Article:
The website provides information about clinical research studies for patients, their families and caregivers, healthcare providers, and the public. Learn more about participating in a clinical trial by visiting Enter “primary hyperoxaluria” in the “condition or disease” box and click “search.”


The Oxalosis and Hyperoxaluria Foundation, a patient advocacy organization, also has information on clinical trials available here.

What are some key terms to know for primary hyperoxaluria?

You can find helpful definitions for many common PH terms and acronyms on our glossary page.

Questions about diagnosing PH

What are some causes of frequent kidney stones?

The following conditions may be associated with frequent kidney stones:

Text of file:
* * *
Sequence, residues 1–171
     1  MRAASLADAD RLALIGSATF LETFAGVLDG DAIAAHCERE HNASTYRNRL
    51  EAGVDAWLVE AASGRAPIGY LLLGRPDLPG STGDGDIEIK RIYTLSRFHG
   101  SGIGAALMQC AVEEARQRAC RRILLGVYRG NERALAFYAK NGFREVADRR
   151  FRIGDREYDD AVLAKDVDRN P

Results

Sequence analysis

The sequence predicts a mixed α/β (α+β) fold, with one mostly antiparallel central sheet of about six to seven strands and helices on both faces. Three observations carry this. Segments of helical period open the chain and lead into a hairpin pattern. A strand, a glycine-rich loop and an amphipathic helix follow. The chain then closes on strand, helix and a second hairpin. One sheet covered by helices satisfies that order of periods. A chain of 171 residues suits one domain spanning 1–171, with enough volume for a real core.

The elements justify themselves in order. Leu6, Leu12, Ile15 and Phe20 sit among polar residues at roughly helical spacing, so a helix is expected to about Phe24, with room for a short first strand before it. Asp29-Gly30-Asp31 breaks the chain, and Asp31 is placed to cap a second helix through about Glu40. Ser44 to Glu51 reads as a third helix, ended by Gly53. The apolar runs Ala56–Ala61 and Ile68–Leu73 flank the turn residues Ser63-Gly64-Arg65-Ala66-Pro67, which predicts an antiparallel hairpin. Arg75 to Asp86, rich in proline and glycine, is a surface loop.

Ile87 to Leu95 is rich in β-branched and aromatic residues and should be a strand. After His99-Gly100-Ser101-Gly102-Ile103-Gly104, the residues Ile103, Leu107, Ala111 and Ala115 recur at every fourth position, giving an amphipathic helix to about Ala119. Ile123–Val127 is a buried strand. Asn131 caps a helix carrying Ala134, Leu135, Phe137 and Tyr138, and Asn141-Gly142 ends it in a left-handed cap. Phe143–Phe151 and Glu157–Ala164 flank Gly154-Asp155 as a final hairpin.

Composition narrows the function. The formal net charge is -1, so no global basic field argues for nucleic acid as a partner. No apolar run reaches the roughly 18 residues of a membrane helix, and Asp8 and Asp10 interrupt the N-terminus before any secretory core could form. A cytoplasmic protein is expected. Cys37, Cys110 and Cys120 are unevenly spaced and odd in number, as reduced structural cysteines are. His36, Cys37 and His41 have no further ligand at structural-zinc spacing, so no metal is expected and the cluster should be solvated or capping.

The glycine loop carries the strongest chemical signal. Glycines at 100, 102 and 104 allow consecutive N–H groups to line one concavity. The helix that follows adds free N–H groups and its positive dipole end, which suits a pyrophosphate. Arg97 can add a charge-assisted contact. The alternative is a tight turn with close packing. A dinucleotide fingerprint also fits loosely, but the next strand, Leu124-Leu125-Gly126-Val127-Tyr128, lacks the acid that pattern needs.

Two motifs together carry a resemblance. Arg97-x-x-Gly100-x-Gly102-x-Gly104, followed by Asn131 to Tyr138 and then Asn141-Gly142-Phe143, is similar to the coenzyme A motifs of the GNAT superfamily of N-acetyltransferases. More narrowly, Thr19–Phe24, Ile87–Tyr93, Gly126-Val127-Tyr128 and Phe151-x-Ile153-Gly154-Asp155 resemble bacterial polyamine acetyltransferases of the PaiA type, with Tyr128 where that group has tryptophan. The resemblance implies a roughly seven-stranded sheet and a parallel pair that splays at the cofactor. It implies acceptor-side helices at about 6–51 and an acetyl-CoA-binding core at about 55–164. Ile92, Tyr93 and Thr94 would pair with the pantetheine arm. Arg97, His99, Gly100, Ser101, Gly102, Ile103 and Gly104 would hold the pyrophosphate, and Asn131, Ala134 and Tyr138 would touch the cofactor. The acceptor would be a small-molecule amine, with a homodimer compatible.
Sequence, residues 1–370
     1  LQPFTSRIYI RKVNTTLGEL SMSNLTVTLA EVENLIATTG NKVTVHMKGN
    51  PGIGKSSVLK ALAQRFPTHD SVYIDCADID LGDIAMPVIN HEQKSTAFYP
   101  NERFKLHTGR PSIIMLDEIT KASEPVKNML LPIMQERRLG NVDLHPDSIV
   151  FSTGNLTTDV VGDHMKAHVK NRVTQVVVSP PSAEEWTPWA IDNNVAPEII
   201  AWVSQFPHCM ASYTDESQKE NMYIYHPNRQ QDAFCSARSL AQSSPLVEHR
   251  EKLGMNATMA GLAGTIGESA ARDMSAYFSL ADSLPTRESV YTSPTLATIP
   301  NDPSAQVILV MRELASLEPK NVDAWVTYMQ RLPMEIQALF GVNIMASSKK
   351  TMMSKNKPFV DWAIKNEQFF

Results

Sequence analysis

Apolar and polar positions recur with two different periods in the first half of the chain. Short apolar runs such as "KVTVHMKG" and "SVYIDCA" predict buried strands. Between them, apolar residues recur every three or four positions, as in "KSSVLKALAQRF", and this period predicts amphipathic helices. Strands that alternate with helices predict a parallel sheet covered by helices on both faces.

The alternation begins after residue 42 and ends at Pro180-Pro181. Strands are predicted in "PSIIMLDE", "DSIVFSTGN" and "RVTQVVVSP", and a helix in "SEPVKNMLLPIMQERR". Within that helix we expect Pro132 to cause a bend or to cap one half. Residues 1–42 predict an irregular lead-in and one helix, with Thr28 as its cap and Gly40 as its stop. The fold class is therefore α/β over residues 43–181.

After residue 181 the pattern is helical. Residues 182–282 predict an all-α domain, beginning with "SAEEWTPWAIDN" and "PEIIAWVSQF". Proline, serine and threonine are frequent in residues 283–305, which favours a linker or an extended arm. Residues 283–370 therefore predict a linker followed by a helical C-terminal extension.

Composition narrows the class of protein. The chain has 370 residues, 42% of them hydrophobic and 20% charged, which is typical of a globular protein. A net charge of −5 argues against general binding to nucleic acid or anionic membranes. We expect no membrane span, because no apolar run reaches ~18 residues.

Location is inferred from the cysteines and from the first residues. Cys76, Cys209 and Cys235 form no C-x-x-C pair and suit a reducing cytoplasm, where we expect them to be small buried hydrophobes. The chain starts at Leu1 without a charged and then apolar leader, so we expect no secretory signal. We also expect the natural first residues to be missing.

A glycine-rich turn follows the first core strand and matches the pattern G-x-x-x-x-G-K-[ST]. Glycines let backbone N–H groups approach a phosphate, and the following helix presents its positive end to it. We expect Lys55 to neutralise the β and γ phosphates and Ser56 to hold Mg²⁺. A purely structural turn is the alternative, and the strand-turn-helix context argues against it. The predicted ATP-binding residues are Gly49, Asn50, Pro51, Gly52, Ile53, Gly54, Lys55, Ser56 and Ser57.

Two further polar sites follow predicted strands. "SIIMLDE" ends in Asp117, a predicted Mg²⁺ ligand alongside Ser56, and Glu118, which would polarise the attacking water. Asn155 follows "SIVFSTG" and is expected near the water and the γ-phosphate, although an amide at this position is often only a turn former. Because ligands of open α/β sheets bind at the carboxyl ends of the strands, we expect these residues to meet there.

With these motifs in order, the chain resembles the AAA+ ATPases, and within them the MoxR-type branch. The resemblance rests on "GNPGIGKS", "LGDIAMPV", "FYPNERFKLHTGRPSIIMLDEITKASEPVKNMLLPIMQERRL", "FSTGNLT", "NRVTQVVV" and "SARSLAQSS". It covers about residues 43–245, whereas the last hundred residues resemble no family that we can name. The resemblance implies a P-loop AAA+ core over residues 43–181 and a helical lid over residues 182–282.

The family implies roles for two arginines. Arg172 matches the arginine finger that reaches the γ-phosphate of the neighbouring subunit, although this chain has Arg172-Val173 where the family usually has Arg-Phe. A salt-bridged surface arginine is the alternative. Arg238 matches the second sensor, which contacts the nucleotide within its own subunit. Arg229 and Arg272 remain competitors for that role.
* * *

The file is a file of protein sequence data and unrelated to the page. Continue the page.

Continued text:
• A diet high in oxalate 
  • Inflammatory bowel diseases such as celiac disease, Crohn’s disease, cystic fibrosis, or short bowel syndrome 
  • Gastric bypass surgery 
  • Rare inherited disorders such as primary hyperoxaluria, cystinuria, Dent disease, adenine phosphoribosyltransferase deficiency, and familial hypomagnesemia with hypercalciuria and nephrocalcinosis 
  • Hypercalciuria (high levels of calcium in the urine)
More about kidney stones
What are the signs and symptoms of primary hyperoxaluria?

One or a combination of the following can be signs or symptoms of PH. If you feel you have any of these symptoms, contact your healthcare provider.

  • Family history of kidney or bladder stones 
  • A single kidney stone in a child 
  • Repeated kidney stones, multiple kidney stones at the same time 
  • Abnormally high levels of oxalate in your urine 
  • Nephrocalcinosis 
  • Chronic kidney disease (CKD) with no known cause